The two compensation systems are different in the extent of employer coverage. In addition to traditional employers, the Colorado Act confers immunity to statutory employers: persons or companies who lease or contract out their regular business activities, Colo.Rev.Stat. § 8-41-401, and owners of real property who hire or contract out for labor to be done on that property, Colo.Rev.Stat. § 8-41-402. There is no provision analogous to Colorado's statutory protection for owners of real property.

Therefore, if Colorado law applies in this case, Defendant CIG is immune from suit, and this Court lacks subject matter jurisdiction. Accordingly, the Court must decide whether Wyoming or Colorado law applies.

Analysis
1. Which law applies?

In a diversity case a federal court must apply the choice of law rules of the forum state. Klaxon v. Stentor Electric Mfg., 313 U.S. 487, 496, 61 S.Ct. 1020, 85 L.Ed. 1477 (1941); Tucker v. R.A. Hanson Co., Inc., 956 F.2d 215, 217 (10th Cir.1992). For the purposes of this motion, a key point of contention between the parties is what the applicable choice of law rules are in Wyoming.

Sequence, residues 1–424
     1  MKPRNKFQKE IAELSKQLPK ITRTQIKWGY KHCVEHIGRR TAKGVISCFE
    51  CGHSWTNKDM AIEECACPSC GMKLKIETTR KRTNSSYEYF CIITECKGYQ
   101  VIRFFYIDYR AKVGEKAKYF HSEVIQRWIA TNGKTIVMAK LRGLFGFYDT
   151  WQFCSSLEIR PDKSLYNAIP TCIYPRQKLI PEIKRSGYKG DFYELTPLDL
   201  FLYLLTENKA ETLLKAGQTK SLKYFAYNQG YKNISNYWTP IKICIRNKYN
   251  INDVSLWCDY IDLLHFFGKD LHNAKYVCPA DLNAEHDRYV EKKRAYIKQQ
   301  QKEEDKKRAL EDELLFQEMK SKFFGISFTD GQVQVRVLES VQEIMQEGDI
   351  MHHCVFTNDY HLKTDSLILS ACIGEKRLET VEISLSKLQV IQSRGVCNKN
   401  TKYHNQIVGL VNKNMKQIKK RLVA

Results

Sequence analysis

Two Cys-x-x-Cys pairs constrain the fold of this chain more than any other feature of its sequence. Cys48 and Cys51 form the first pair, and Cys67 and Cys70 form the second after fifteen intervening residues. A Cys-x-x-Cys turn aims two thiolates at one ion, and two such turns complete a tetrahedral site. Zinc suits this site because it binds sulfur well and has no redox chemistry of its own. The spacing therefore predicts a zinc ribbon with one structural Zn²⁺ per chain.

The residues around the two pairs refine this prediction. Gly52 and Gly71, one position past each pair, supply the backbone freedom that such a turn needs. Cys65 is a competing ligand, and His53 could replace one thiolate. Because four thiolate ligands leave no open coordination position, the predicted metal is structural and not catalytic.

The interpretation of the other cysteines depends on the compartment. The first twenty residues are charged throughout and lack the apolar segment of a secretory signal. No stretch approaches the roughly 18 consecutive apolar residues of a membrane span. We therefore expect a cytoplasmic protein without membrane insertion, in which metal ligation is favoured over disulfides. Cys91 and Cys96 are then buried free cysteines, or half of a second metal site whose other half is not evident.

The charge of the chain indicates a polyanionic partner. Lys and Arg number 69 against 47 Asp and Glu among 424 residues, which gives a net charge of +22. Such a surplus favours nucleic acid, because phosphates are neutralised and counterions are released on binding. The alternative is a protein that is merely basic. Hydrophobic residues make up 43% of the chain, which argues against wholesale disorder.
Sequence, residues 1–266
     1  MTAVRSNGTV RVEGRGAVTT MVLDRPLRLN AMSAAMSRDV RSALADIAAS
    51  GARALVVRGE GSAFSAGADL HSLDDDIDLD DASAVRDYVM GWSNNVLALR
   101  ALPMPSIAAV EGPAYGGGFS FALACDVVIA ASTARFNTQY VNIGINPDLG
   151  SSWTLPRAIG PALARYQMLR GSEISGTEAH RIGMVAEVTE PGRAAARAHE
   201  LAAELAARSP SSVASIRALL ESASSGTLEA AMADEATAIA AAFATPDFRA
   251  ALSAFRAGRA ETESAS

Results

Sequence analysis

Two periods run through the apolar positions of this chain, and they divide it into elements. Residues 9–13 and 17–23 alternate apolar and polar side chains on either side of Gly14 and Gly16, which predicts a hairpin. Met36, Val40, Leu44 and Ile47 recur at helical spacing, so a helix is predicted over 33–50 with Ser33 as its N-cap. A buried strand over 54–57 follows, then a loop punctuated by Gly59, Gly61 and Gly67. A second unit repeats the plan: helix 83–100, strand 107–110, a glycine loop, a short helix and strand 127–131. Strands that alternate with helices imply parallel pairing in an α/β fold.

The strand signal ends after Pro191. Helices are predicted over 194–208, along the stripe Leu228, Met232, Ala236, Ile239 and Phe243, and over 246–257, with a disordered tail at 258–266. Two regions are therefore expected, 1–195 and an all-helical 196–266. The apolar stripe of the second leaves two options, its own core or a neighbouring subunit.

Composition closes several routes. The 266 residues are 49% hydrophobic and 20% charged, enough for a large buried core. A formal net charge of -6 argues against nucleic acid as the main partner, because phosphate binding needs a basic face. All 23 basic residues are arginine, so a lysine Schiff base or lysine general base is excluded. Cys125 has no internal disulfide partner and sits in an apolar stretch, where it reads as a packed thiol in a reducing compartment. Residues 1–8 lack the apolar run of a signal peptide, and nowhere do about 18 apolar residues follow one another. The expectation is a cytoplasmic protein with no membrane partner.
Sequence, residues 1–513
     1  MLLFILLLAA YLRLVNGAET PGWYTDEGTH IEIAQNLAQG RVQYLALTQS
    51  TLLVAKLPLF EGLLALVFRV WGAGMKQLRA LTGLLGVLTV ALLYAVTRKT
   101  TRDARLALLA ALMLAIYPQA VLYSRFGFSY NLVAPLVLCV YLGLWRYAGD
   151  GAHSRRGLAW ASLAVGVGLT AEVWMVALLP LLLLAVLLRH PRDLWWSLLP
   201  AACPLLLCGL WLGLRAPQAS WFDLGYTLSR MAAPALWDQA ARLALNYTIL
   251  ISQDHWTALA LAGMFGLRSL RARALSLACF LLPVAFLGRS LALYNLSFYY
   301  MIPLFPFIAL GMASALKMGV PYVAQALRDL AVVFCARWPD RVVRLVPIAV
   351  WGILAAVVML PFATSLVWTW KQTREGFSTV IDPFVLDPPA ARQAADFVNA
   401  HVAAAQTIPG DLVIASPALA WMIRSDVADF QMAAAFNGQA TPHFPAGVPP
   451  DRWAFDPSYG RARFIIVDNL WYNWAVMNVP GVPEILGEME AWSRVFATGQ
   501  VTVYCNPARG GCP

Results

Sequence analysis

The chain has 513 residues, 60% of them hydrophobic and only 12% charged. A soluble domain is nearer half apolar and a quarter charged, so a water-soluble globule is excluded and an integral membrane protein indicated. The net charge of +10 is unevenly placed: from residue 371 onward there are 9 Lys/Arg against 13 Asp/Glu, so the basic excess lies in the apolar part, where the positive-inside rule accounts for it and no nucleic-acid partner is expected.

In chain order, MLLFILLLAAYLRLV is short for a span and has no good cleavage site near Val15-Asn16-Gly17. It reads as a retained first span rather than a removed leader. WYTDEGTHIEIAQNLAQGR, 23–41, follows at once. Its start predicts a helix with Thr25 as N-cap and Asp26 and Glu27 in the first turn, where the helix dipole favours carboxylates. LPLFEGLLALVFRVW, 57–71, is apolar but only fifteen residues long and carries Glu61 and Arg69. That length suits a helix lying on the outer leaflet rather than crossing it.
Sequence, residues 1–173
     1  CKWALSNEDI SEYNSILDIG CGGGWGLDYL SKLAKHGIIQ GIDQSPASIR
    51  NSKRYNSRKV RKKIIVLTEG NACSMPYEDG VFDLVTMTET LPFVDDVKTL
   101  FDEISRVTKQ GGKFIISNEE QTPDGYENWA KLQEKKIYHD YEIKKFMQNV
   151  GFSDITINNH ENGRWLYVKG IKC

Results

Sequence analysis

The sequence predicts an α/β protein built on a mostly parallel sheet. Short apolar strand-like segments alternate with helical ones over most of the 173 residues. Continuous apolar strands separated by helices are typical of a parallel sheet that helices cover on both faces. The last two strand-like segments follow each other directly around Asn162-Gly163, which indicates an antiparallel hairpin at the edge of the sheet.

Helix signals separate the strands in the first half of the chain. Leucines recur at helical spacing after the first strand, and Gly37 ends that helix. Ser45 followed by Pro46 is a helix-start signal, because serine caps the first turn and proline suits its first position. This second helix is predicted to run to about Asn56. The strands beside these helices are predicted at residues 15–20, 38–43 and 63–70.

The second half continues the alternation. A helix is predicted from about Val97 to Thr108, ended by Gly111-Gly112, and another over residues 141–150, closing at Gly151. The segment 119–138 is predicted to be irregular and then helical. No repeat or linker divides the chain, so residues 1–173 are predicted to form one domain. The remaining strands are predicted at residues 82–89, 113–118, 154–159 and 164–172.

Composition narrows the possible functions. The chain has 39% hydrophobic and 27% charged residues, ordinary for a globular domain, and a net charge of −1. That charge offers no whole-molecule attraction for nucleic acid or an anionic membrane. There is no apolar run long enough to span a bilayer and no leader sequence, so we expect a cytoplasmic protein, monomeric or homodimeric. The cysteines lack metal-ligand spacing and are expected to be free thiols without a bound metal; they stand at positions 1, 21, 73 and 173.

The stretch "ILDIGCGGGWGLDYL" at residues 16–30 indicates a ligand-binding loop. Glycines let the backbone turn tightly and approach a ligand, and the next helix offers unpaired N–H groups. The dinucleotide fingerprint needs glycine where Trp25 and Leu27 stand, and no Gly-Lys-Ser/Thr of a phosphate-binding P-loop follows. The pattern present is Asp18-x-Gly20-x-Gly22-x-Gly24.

Defendants argue that the general rule of lex loci delicti in Wyoming mandates the application of the Colorado's worker's compensation statute. Indeed, Wyoming has a nearly uninterrupted history of using the situs of the injury to determine the proper substantive law in tort actions. "It is thoroughly established as a general rule that the lex loci delicti, or the law of the place where the tort or wrong has been committed, is the law that governs and is to be applied with respect to the substantive phases of torts or the actions therefor, and determines the question of whether or not an act or omission gives rise to a right of action or civil liability for tort...." Jack v. Enterprise Rent-A-Car Co., 899 P.2d 891, 894 (Wyo.1995), quoting Ball v. Ball, 73 Wyo. 29, 269 P.2d 302 (1954).

In response, Plaintiff points to the case of Wessel v. Mapco, Inc., 752 P.2d 1363 (Wyo.1988), for the proposition that, at least with regards to worker's compensation cases, lex loci delecti no longer controls. In Wessel, the Wyoming Supreme Court allowed a cause of action for culpable negligence to proceed against the plaintiff's coworkers for injuries sustained in Colorado, notwithstanding provisions of the Colorado Worker's Compensation Act which conferred immunity to coworkers. Id. at 1369. The Wessel court found lex loci determinants to be improper in worker's compensation controversies: